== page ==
With a clear ESA, it might have seemed a natural progression to request changing the building’s usage from community to commercial, but as noted in a letter dated June 2016, ETCU opted for an interesting rental option. Kongats Architects were hired to manage the conversion of 11 Madison to a student residence with “10 dwelling rooms.” (See 1401a -11 Madison Ave Past Use of Building, letter June 2, 2016 attached).
In December 2013, just before purchasing 11 Madison, ETCU headed a group of credit unions to lend $10 million to a student residence less than 100 metres away. The choice to convert 11 Madison months later into a 10 unit student residence was an intriguing choice to say the least. In the end, the anticipated short-term conversion of the property into a student residence may have been deemed too costly since the City of Toronto advised ETCU that a parks levy of $85,000.00 would be assessed on the property. (See 22 - Letter re Park Levy Payment attached). Keep in mind that the Park Levy may still be a budgetary consideration under the current due diligence assessment.
But the underlying usage concept that Kongats was asked to work on still begs the question: If a sizeable loan was provided to a neighbouring student residence just a couple months before, why renovate 11 Madison to host 10 additional student dorm rooms? Some might think that this new 10 room residence could divert income from the borrower on the corner. Perhaps. But others may have concluded that 10 rooms could benefit this well-established residence while they were in the midst of refurbishing their property. What if the borrower was going to be short 10-12 rooms of capacity each semester because of renovations? It’s possible the borrower could “operate” 10 rooms in a neighbouring building to help generate additional income toward their loan payments. In this case, the borrower ends up paying a lease to one of its lenders to “operate” the 11 Madison residence while, at the same time, they’re able to put a little more revenue towards their debt service. Seems like a win-win.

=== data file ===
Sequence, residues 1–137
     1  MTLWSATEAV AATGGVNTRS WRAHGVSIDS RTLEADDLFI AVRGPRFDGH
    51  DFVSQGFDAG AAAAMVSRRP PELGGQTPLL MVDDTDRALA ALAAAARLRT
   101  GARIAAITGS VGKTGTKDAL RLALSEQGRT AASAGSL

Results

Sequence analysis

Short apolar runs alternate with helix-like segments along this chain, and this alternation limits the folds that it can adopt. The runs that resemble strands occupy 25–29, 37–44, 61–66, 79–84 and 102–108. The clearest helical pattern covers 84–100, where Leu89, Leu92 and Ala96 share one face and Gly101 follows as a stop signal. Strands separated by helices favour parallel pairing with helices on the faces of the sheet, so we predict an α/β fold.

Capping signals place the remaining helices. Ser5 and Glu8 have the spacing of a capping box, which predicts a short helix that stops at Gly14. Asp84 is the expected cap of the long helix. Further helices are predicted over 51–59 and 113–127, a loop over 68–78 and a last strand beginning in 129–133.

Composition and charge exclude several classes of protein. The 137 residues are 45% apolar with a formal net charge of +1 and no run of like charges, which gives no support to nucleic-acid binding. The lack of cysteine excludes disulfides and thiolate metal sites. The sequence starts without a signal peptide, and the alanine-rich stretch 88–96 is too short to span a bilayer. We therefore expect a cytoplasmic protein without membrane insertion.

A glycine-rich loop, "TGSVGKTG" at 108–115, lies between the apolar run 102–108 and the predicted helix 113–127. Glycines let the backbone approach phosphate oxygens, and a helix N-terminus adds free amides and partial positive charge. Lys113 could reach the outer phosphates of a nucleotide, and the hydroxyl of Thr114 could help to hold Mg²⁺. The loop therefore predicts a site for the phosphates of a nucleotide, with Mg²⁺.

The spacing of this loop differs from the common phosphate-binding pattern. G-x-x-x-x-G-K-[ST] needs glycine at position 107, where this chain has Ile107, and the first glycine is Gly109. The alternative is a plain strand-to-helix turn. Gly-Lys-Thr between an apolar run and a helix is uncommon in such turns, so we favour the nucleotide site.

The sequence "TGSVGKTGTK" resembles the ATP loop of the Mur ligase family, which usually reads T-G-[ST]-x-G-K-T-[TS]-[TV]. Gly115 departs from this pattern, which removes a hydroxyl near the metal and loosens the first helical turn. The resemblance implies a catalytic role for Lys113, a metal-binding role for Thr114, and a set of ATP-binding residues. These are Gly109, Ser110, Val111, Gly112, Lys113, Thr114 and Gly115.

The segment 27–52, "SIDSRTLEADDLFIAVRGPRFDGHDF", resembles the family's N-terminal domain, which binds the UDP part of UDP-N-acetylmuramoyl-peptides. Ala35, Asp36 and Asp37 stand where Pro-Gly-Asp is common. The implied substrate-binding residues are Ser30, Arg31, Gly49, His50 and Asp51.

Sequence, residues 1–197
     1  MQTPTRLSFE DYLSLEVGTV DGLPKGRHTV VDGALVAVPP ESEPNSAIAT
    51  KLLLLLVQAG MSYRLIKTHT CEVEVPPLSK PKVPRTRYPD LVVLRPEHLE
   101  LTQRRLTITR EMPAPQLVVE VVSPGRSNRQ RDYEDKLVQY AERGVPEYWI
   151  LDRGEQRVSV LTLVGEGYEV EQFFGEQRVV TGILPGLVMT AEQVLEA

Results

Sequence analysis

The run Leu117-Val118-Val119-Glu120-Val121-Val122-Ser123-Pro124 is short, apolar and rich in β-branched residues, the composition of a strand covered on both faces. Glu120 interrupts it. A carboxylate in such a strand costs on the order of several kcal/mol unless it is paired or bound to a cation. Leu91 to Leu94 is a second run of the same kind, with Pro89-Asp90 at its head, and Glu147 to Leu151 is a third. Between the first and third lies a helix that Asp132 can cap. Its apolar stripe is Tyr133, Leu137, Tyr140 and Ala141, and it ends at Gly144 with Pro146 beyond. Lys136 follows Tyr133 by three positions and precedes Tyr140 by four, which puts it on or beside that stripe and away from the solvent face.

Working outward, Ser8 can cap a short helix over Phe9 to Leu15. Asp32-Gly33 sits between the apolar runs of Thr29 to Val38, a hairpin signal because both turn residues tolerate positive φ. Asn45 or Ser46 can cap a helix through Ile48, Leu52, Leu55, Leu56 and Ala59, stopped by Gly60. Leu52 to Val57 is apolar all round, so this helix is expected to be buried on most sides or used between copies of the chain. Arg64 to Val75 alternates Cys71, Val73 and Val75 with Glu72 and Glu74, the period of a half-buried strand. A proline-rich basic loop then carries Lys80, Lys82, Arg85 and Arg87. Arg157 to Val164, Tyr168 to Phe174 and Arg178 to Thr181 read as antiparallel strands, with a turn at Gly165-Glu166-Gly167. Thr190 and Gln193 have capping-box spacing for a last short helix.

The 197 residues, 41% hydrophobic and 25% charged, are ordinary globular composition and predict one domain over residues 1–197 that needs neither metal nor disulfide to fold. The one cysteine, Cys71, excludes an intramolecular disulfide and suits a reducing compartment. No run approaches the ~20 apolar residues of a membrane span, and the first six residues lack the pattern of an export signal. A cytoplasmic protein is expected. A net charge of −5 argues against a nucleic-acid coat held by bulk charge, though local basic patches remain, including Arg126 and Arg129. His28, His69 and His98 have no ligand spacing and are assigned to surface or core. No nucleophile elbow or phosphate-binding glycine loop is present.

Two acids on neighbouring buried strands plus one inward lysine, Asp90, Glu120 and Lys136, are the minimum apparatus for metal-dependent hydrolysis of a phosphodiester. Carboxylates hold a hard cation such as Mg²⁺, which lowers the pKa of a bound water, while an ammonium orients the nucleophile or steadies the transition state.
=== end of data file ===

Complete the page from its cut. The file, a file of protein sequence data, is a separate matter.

To date, the student residence hasn’t come to fruition. But why wasn’t the house configured into an administrative office which could more easily be converted into a bank branch. With so much construction downtown certainly a good realtor could find a commercial tenant in need of office space for 2 or 3 years. Unfortunately for ETCU’s bottom-line, the property has remained vacant for 3 years.
Questioning why a 10 room student residence was considered may be a moot point anyway. The circumstances behind the changing usage model for 11 Madison might best be learned from the “4 Orgs” recent statement: